One consequence is that social problems are increasingly criminalized, while social protections are either eliminated or fatally weakened. Another result of this crushing form of economic Darwinism is that it thrives on a kind of social amnesia that erases critical thought, historical analyses and any understanding of broader systemic relations. In this instance, it does the opposite of critical memory work by eliminating those public spheres where people learn to translate private troubles into public issues. That is, it breaks “the link between public agendas and private worries, the very hub of the democratic process.” Once set in motion, economic Darwinism unleashes a mode of thinking in which social problems are reduced to individual flaws and political considerations collapse into the injurious and self-indicting discourse of character. As George Lakoff and Glenn Smith argue, the anti-public philosophy of economic Darwinism makes a parody of democracy by defining freedom as “the liberty to seek one’s own interests and well-being, without being responsible for the interests or well-being of anyone else. It’s a morality of personal, but not social, responsibility. The only freedom you should have is what you can provide for yourself, not what the Public provides for you to start out.” Put simply, we alone become responsible for the problems we confront when we can no longer conceive how larger forces control or constrain our choices and the lives we are destined to lead.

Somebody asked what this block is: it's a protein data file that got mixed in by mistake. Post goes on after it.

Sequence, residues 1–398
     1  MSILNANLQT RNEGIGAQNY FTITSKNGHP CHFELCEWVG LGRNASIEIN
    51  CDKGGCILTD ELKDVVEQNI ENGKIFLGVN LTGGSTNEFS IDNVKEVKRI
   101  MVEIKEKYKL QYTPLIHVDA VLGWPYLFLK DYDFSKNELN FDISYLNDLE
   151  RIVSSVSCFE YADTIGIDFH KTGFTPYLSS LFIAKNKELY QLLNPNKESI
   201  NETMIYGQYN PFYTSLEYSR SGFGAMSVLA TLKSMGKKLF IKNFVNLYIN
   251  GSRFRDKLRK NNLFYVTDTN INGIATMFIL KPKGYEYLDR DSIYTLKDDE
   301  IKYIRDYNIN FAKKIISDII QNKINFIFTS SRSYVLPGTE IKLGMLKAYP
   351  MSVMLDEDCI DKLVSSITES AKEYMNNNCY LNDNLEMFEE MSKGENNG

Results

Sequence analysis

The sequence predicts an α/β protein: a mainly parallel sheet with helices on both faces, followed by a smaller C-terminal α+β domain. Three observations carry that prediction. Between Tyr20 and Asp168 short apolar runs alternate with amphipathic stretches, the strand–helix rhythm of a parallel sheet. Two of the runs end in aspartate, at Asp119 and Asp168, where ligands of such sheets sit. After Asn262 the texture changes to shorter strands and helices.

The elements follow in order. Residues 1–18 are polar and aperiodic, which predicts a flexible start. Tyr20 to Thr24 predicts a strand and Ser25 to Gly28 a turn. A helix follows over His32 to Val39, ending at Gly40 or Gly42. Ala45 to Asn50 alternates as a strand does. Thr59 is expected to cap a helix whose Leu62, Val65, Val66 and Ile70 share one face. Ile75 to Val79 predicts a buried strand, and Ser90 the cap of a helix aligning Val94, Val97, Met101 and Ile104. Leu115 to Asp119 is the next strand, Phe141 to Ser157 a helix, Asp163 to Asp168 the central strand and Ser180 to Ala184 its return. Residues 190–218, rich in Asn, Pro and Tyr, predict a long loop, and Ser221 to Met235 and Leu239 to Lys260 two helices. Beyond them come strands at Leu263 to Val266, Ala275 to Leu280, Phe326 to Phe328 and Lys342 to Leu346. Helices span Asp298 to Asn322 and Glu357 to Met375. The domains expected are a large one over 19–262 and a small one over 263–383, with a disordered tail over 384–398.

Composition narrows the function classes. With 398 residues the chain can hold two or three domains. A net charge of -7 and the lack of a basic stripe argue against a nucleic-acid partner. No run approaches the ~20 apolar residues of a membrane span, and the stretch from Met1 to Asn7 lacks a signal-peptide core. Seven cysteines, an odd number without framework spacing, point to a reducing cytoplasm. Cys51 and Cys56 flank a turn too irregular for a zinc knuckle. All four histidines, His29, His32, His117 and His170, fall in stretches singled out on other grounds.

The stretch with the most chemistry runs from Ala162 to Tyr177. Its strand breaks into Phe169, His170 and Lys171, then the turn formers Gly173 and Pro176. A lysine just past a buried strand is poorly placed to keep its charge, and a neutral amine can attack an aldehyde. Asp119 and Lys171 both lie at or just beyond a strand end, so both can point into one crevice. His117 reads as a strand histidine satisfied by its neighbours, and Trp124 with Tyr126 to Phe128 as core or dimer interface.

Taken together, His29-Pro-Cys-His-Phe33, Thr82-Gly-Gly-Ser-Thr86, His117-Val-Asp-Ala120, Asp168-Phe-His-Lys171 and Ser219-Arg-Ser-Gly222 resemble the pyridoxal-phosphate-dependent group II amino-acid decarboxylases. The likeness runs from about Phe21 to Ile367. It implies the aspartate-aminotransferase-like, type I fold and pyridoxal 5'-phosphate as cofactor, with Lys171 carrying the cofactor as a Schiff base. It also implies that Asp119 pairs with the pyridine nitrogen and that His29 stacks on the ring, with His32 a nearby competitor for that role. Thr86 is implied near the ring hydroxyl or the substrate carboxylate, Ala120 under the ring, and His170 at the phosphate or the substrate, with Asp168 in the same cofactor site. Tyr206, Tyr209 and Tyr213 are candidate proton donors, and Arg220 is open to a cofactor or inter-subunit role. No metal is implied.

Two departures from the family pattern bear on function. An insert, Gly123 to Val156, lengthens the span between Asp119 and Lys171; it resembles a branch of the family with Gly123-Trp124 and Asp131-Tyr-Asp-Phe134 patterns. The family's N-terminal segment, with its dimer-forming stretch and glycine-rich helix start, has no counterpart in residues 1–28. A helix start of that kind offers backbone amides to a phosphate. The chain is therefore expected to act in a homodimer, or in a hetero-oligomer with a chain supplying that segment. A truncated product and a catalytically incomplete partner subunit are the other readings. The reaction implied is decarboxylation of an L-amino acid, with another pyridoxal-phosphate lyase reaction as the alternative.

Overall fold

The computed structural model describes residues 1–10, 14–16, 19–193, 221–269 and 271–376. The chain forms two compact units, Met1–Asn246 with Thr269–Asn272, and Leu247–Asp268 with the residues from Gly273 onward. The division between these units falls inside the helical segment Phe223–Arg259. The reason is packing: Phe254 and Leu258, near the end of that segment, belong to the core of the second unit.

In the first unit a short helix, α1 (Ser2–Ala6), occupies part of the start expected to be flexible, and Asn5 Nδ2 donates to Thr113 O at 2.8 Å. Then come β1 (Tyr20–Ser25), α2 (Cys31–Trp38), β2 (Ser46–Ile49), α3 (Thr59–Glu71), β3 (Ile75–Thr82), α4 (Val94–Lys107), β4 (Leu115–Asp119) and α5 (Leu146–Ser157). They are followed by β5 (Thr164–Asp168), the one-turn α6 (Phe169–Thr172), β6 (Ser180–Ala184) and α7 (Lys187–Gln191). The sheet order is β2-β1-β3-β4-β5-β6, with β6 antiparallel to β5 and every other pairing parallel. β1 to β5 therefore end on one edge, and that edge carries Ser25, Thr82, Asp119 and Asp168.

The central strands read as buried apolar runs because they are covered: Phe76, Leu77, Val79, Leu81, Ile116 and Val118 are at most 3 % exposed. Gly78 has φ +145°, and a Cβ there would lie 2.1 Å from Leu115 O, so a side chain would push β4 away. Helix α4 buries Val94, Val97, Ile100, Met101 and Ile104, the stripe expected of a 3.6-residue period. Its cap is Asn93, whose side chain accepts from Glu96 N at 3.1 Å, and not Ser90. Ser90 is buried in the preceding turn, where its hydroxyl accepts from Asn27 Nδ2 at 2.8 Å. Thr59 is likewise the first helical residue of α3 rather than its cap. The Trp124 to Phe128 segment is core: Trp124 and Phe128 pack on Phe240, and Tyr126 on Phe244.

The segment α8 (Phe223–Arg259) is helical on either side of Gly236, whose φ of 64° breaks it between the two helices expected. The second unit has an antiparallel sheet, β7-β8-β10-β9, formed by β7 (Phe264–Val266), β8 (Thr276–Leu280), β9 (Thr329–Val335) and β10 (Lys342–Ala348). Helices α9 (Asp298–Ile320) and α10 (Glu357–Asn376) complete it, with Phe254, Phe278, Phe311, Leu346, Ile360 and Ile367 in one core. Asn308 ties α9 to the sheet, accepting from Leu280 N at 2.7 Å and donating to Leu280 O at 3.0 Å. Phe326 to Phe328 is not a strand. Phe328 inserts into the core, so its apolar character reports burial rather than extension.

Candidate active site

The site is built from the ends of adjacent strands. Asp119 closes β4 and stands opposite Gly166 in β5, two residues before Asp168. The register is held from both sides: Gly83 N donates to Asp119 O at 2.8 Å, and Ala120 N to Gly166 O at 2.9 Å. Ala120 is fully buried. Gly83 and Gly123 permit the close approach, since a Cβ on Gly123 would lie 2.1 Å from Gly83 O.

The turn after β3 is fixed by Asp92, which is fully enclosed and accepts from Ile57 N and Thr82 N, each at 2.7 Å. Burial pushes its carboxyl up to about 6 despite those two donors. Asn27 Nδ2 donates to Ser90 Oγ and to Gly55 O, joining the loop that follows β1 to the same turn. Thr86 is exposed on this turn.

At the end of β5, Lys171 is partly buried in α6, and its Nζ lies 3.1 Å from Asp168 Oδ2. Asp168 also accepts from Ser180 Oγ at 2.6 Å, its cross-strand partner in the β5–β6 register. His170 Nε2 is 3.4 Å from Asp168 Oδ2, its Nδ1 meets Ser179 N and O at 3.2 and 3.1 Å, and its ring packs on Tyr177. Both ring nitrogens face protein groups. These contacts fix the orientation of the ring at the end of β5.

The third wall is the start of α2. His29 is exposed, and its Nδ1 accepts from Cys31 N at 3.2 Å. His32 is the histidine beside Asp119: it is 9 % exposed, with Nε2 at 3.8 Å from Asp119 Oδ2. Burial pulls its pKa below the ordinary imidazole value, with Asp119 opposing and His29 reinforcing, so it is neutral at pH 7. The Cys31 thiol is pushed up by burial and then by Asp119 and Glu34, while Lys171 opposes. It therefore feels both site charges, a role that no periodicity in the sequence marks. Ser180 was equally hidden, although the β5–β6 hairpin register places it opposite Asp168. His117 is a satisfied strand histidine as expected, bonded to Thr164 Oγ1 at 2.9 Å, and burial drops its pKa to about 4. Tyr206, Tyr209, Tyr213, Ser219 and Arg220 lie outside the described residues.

Yet, the harsh values and practices of this new social order are visible - in the increasing incarceration of young people, the modeling of public schools after prisons, state violence waged against peaceful student protesters and state policies that bail out investment bankers but leave the middle and working classes in a state of poverty, despair and insecurity. Such values are also evident in the GOP Social-Darwinist budget plan that rewards the rich and cuts aid for those who need it the most. For instance, the Romney/Ryan budget plan “proposes to cut the taxes of households earning over $1 million by an average of $295,874 a year,” but at a cruel cost to those most disadvantaged populations who rely on social programs. In order to pay for tax reductions that benefit the rich, the Romney/Ryan budget would cut funds for food stamps, Pell grants, health care benefits, unemployment insurance, veterans’ benefits and other crucial social programs. As Paul Krugman has argued, the Ryan budget “isn’t just looking for ways to save money (it’s) also trying to make life harder for the poor - for their own good. In March, explaining his cuts in aid for the unfortunate, (Ryan) declared, ‘We don’t want to turn the safety net into a hammock that lulls able-bodied people into lives of dependency and complacency, that drains them of their will and their incentive to make the most of their lives.’” Krugman rightly replies, “I doubt that Americans forced to rely on unemployment benefits and food stamps in a depressed economy feel that they’re living in a comfortable hammock.” As an extremist version of neoliberalism, Ryanomics is especially vicious towards American children, 16.1 million of whom currently live in poverty. Marian Wright Edelman captures the harshness and savagery of the Ryan budget passed in the House of Representatives. She writes: Ryanomics is an all out assault on our poorest children while asking not a dime of sacrifice from the richest 2 percent of Americans or from wealthy corporations. .....................(more)